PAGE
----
This steak does not make for the greatest cross hatch grill marks. As it puffs up (I’ll show you that in a minute) it goes from flat to round. It will never have the beautiful marks of a NY strip or rib eye. But it still has a fantastic flavor crust going here, if I do say so myself.
Once the teres major (petite tender) has been seared on each side, move the steak to the side of the grill with no heat and close the lid to bake until the desired doneness. For me it was done after the searing, but I like my steak with a faint pulse. I’m OK if my steak is only in a coma. If you like your steak more well done than that, don’t cut into it to find out if it is grilled properly. Use the thumb test to determine the doneness of the steak.
Now it’s time to prove that the teres major (petite tender) steak indeed gets thicker as it grills. Here’s the steak right after it came off the grill:
It is now an 1.75 inches thick. A half inch does not seem like a lot, but it was only 1.25 inches before. That’s a full half inch thicker or a difference of about 40%. Alas, it also gets shorter:
Now that the teres major (petite tender) steak is off the grill, it is vital to let it rest so the juices, in an excited state due to the heat, can calm down and redistribute throughout the meat. A steak this size only needs 3-4 minutes rest:
But how does it look sliced?
Truth be told, I redid this post because the original pictures I took sucked. Originally I made this steak with some Andria’s Steak Sauce brushed on while I grilled it. The problem was the lighting was terrible and it was a few years before I figured out how to compensate for that. The inside pictures weren’t so bad. Here’s a plated shot of a steak I made around Christmas in 2011 when I did this post originally:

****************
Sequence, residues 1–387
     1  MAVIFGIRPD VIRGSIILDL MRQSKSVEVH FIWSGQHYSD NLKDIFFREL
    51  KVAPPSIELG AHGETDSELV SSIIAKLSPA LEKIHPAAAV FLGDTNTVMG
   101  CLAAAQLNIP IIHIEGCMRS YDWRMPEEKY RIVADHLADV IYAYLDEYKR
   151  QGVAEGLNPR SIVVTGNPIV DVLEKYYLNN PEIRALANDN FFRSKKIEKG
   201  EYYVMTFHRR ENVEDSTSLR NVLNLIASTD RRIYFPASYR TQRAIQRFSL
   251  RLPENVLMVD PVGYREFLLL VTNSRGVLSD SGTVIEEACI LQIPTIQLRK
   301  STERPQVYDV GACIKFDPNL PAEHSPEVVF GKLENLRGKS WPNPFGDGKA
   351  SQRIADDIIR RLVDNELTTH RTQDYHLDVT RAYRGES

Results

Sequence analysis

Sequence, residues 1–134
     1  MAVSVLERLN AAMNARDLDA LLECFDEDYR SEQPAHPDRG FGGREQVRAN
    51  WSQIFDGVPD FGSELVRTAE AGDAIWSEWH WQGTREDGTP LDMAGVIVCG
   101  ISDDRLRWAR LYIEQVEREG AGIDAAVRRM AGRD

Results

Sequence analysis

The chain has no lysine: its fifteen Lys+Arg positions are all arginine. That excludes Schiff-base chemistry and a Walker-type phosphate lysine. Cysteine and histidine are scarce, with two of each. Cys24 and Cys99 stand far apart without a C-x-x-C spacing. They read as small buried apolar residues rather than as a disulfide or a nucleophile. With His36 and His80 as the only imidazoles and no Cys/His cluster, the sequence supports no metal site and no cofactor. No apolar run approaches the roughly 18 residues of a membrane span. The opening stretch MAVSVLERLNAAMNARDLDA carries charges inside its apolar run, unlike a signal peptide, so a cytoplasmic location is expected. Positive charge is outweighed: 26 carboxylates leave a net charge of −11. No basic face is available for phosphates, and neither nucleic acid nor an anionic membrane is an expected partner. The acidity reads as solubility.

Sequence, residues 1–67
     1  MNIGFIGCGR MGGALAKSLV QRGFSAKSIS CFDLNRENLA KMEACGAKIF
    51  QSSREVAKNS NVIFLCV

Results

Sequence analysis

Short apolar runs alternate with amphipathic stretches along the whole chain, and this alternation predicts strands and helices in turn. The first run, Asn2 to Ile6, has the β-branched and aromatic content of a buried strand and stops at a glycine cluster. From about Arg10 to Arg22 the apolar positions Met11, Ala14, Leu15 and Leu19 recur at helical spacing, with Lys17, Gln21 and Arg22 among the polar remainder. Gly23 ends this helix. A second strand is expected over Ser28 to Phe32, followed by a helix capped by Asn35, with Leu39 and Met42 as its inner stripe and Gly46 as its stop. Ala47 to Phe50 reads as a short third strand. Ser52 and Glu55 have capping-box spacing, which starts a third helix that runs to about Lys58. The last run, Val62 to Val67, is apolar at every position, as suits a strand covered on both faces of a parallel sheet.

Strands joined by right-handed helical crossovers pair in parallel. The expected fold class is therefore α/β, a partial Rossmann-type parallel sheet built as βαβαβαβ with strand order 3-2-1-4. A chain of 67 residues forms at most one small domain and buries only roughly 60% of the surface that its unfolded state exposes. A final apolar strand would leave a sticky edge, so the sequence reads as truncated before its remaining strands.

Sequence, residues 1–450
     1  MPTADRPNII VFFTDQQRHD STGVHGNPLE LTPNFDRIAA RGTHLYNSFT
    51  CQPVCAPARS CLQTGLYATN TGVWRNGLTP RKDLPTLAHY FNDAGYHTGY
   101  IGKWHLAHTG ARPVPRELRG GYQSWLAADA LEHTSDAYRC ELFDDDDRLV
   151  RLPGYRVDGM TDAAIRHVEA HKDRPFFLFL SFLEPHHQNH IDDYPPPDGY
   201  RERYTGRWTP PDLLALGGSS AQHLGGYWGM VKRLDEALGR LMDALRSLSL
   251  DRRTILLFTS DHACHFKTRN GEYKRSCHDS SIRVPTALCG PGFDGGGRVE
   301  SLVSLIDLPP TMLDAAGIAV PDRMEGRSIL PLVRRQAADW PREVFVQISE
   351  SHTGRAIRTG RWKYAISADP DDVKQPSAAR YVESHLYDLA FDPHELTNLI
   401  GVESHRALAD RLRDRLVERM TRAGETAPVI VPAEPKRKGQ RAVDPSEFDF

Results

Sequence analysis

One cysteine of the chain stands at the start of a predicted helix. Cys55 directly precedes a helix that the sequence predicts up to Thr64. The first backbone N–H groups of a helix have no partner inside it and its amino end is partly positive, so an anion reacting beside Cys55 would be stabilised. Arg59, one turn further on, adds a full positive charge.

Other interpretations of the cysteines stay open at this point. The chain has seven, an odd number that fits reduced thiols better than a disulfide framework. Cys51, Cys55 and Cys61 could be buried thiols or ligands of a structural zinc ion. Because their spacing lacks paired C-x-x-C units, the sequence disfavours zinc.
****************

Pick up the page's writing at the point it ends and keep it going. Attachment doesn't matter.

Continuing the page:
And here’s the sliced teres major (petite tender):
If that picture above doesn’t send you out to your local butcher to get a teres major, how about this one:
This steak has been rising in price since I wrote the original one, but still a cheap way to feed a crowd steaks compared to NY Strips, Rib Eyes and Filets. Here are some more that I grilled:
One I did with the Andria’s Steak Sauce and the other I brushed with a jerk paste to spice things up. Both were well received:
I can’t put into words how delicious and tender the teres major (petite tender or terres major) is. It blows me away every time I grill and eat one. If you are going the keto route and the prices of steak is wrecking your bank account, this might be the key to a successful keto friendly diet
All of this begs the very obvious question. Where do you find teres major (petite tender) steak? Your grocer might carry them in vacuum packed packaging from time to time. Otherwise, you need to go to your meat cutter. You should be going there anyway. You’ll thank me later.
Here is a link to a teres major I did with a coffee rub.
If you have any questions about this cut or this grilling recipe, feel free to leave them below or shoot me an email.
Also, you can follow us on our GrillinFools Facebook page, Instagram, and YouTube feeds
Teres Major Steak - Outstanding and Cheap
- 1 Teres major steak
- coarse salt
- Code 3 Spices BBQ rub
- Coat the steak with coarse salt and the rub
- Prepare the grill for two zone grilling with super high heat on one side and none on the other
- Sear the steak on the side with high heat for 2-3 minutes and then rotate 45 degrees and sear another 2-3 minutes
- Flip over and repeat on the other side
- Move the steak to the other side of the grill with no heat and close the lid until it is baked to the desired doneness
- Remove the teres major (petite tender) steak from the grill and allow to rest 3-4 minutes
This steak is great. The price had me convinced that it was a shady cut, but the end result was shocking. It truly does grow as you grill too because it was about 50% bigger when it was finished.